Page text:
Jan 24 2019

Yawning in Virtual Reality

Psychologists are increasingly using virtual reality (VR) in their psychological experiments. It’s very convenient – they can create whatever environment they want with total control over all visual and auditory variables. It’s also safe, so they can study how people respond in traffic without the risk of subjects getting run over.

The meta-question for this research, however, is whether people will respond the same in VR as they do in physical reality? That is a research question unto itself, with implications for all other VR-based research.

Based on my personal experience in VR I would guess that it depends. Current VR technology is of sufficient resolution and fidelity that it successfully tricks the brain – your brain believes that you are in the environment you see. I say “your brain” because you consciously know it is VR and not meat-space, but your brain incorporates the visual and auditory sensory streams into its construction of reality as if they were real. So, consciously you may know the difference, but subconsciously you don’t.

Perhaps the best demonstration of this is the Planck Experience – a fun little VR demonstration in which you walk out onto a planck 40 floors high on a virtual skyscraper. You know you are safe in a room, but your subconscious brain buys the visual construction and your emotions react as if you are about to die.

A recent experiment adds a bit more data to this question. Researchers used VR to test yawning. There is a phenomenon of contagious yawning – mammals will yawn when they see other mammals yawn, about 30-60% of the time. So the researcher put subjects in VR where they were exposed to virtual yawning. Sure enough – the yawns were contagious 38% of the time, in the range of previous research.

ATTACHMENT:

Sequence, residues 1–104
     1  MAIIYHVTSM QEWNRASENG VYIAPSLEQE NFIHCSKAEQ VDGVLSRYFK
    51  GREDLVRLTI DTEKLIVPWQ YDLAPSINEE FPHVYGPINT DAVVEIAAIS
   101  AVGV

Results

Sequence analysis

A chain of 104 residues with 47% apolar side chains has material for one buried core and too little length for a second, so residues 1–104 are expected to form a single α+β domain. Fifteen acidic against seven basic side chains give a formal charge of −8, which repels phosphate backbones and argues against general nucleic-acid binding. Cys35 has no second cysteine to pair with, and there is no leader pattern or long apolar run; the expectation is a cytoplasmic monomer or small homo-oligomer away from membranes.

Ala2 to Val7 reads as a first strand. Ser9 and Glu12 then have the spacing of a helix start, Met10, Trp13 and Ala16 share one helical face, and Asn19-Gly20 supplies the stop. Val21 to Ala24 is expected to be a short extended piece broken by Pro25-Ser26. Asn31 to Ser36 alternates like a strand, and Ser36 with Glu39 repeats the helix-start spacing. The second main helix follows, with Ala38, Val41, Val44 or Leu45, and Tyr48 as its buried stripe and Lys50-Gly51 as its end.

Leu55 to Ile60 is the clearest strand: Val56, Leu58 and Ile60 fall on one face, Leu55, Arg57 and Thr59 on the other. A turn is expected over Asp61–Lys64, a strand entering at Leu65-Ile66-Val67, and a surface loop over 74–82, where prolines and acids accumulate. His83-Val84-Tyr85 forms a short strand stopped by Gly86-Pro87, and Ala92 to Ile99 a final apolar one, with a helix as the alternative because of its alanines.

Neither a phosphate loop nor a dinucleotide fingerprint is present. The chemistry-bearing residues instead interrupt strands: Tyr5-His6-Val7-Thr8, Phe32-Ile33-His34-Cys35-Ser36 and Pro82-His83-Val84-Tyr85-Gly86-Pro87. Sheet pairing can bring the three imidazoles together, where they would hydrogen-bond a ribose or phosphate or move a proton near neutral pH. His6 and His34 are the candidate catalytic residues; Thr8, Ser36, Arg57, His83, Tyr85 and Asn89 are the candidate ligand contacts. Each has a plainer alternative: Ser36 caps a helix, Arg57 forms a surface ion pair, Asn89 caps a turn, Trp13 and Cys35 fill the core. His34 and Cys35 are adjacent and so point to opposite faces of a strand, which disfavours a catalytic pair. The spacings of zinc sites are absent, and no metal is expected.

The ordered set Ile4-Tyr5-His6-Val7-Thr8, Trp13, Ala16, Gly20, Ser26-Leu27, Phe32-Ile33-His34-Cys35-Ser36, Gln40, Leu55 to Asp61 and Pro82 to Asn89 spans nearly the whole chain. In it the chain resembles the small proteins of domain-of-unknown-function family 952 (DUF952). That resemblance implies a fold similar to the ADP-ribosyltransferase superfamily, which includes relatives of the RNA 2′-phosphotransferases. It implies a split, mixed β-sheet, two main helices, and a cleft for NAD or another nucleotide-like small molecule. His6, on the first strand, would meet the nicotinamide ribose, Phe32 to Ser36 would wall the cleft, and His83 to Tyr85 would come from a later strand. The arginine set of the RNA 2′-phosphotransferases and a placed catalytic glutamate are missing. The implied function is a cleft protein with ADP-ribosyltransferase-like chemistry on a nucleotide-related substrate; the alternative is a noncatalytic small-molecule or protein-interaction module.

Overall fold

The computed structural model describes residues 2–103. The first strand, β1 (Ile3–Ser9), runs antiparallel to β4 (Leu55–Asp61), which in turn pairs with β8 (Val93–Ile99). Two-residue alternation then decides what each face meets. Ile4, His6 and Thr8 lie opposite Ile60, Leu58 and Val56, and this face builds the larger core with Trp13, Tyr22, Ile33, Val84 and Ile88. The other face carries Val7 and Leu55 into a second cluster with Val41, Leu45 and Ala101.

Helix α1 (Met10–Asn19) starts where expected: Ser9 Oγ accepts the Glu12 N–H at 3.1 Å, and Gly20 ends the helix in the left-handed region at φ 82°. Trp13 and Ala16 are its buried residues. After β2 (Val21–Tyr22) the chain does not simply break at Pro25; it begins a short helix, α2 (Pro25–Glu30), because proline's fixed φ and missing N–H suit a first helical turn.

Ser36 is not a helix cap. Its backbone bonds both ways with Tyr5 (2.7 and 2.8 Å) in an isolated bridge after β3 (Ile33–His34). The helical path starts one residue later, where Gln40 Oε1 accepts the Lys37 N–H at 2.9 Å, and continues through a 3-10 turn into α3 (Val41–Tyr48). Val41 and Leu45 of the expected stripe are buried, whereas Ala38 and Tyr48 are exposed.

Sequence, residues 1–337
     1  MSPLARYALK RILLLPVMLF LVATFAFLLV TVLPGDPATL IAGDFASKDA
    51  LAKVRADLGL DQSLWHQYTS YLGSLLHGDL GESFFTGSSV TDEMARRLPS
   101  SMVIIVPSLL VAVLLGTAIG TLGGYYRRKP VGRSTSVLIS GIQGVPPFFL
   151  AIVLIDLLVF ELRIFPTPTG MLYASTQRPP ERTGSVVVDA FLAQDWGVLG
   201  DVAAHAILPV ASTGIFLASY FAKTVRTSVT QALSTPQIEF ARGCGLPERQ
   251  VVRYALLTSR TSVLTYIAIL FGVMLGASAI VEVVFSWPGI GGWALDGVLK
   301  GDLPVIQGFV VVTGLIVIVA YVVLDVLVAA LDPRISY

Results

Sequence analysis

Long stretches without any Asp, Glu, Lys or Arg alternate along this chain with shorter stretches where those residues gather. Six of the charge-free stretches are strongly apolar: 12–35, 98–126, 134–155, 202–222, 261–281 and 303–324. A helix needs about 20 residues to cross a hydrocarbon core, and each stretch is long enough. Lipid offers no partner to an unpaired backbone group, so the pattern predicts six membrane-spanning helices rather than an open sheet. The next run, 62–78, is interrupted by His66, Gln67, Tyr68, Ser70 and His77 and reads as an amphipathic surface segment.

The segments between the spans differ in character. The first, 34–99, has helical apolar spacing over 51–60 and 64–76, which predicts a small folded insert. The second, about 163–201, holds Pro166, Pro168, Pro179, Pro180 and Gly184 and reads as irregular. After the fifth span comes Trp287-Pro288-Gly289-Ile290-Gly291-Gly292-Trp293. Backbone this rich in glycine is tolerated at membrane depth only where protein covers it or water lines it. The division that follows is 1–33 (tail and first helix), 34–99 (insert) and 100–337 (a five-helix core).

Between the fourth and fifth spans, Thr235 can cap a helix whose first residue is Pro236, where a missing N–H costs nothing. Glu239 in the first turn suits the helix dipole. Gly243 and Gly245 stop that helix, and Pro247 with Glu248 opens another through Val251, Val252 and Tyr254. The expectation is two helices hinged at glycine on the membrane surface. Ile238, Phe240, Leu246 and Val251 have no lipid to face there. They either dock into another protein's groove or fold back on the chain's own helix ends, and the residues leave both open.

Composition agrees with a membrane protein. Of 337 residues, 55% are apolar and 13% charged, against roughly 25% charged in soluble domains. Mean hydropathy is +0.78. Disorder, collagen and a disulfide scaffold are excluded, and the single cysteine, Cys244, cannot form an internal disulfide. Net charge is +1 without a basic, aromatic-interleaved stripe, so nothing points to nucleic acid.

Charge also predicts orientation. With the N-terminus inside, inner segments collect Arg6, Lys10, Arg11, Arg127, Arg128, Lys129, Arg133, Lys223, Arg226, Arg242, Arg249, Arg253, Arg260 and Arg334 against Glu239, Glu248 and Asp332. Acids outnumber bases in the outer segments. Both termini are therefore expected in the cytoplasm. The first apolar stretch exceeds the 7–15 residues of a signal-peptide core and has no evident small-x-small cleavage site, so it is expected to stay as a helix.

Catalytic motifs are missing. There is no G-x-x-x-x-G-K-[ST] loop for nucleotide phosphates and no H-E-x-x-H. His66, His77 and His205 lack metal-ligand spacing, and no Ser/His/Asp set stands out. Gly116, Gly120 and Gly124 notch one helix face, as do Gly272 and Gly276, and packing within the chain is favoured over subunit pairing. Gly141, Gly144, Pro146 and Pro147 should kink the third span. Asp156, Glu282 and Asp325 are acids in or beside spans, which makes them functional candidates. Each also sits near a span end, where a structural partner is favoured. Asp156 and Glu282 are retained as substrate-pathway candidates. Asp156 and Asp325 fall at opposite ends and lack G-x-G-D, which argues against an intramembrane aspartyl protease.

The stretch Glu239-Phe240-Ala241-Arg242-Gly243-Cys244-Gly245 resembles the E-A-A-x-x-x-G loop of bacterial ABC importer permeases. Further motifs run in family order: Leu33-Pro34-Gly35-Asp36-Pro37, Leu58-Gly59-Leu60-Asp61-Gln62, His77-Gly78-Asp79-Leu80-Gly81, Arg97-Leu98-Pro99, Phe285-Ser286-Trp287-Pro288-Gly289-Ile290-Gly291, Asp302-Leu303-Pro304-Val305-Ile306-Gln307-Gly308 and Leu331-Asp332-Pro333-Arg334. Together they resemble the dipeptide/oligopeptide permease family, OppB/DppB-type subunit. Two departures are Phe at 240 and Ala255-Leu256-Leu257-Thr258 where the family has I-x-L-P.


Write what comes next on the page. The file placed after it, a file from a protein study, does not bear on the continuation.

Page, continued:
But there is another well-established phenomenon in which the presence of another person will inhibit this contagious yawning. Subjects will yawn less or try to suppress their yawns, presumably because of a perceived social stigma of yawning in front of others (because it makes you seem rude or bored). So the researchers then put a virtual person in the environment with the subject, but they did not inhibit yawning. However, when a researcher was physically present in the room with the subject, even though the subject could not see or hear them (but knew they were there) they suppressed their yawns.

What does all this mean? I think all this is best understood with the realization that our brains use multiple sensory streams simultaneously in order to construct our perception of reality. Different senses affect each other, are compared with each other, and are woven together to create the perception of one seamless reality. This is a powerful but flawed process that can break down, such as with optical illusions, or the little misperceptions of daily life. Incongruity between sensory stream can also cause vertigo or motion sickness, still a significant problem with VR.

But our brains don’t necessarily need every sensory stream to create every construction, it will work with what it has. What the VR experience tells us is that a purely visual presentation is sufficient to create a convincing construction of reality, at least in terms of our environment and our movement. Add in sound and it gets more convincing, more visceral and powerful.

What we can say from this specific study is that contagious yawning can be triggered by sight and sound alone (and perhaps even by sight alone), which makes sense. This may be a purely visual reflex.

However, the social behavior of suppressing a yawn when others are present is not a visual reflex. It may require a more convincing multi-modal sensory experience to trigger. Or (what I think is far more likely) it requires conscious belief, not just subconscious construction.